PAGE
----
It helps to believe. But destiny is for storytellers; football coaches deal in reality. This was a victory for and about one of the best organizations in the league. To understand why, look at the Ravens' biggest play of the night: The 108-yard kick return by Jacoby Jones.
During the break between the AFC championship game and the Super Bowl, special teams coach Jerry Rosburg decided to install a straight-up-the-middle kick return. The Ravens had not used it all season -- it wasn't even in the playbook. Harbaugh, a former special-teams coach, tweaked the play. They decided if they won the coin toss, they would defer, then use the return on the opening kickoff of the second half.
The Ravens executed it perfectly. And one reason they executed it perfectly is that starting cornerback Corey Graham helped with the blocking scheme. Graham took over for cornerback Lardarius Webb, arguably the Ravens' best defensive player, when Webb tore up his right knee this season. Graham started at cornerback on the punt and kickoff return teams for most of the season.
"Nobody does that," Rosburg said.
This is the Ravens' way. They find hidden talents, giving them the key to any Super Bowl champion: depth. They have created a culture where even stars do grunt work. And Harbaugh and his coaches are as good at game preparation as any other staff in the league.
It added up to the greatest moment of John Harbaugh's coaching career, and also the hardest: The postgame handshake with his brother.
Jim Harbaugh told the media he would take the loss "with class and grace," and he tried, he really did. But he also complained about the officiating (and in at least two instances, he was probably right).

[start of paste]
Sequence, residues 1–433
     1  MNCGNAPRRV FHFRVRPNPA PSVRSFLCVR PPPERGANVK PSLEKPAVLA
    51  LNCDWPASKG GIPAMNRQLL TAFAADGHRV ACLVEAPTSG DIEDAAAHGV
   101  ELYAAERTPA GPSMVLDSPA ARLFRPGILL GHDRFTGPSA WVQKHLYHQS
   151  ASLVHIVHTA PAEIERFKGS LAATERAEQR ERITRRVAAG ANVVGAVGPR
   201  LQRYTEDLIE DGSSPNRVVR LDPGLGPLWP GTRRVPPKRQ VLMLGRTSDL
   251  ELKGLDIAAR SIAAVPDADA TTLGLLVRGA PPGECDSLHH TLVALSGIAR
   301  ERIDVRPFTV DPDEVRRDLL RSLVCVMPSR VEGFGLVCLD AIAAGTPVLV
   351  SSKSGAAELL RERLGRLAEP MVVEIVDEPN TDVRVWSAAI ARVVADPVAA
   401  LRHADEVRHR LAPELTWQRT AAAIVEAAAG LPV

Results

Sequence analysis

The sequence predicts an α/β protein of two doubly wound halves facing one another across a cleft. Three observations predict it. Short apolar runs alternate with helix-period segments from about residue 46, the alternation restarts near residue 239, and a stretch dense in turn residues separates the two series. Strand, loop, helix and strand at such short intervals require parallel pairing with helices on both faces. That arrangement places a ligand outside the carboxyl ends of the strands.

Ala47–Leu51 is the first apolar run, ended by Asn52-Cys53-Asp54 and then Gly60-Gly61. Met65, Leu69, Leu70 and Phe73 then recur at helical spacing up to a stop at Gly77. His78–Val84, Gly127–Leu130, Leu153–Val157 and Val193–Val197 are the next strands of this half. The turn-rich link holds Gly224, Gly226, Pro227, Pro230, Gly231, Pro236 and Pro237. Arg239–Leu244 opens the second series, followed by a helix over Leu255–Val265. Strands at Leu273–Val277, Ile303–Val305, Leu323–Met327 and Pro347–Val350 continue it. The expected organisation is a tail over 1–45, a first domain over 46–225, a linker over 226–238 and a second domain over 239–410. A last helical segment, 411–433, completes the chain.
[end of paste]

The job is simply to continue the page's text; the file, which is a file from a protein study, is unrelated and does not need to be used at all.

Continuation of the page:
This is why Jim's postgame answers are usually so short -- he knows himself well, and he knows that the longer he talks, the more likely he'll say something he regrets. He has a hard time being patient and giving a drawn-out, politically correct answer. His competitive fires don't burn out that quickly.
John would have handled it better. All those years of being the lesser-known Harbaugh taught John how to manage frustration and failure. But Jim will handle it. He'll need a little more time and a lot more solitude. But he'll handle it.
With Harbaugh, Kaepernick and an array of young talent, the 49ers will have more chances. The Ravens may, too, especially with Flacco figuring it out ... but they won't be these Ravens, the team of Lewis and Reed. Lewis is retiring, and if Reed follows through on his promise to play next year, he may wear a different uniform.
Reed, a leader to the end, instructed a teammate on how to smoke a cigar. ("You don't inhale!") And for all the jokes about Preacher Ray and his farewell tour, he was a player for the ages, and his impact on the Ravens was real.
"His legacy, man, is an exclamation point right now," Reed said.
John Harbaugh's legacy is attached to his brother's. It probably always will be.
On the field afterward, John looked like any other victorious coach as he did his postgame media tour, jumping from one TV network's set to the next, while 11-year-old Alison made a snow angel in the confetti on the field, stuffed confetti into her mother's purse, and waited for her father.
You had to know the backstory to realize who was missing. John's parents, Jack and Jackie had watched his press conference with his sister, Joani, and her husband, Indiana coach Tom Crean. But then they went off to console Jim.
John's wife, Ingrid, said she was still "stunned" -- not because the Ravens won, but because it was so crazy and so close.
"It's never pretty, it's never perfect, but it is us," John said.
He was talking about the Ravens. He could have been talking about the Harbaughs, too. They can seem a little crazy, but they're as close as almost any family in sports. In the little coaches' room of the Baltimore locker room, after one of the wildest and finest Super Bowls ever played, the winning coach said of the loser: "He's the best coach in football right now."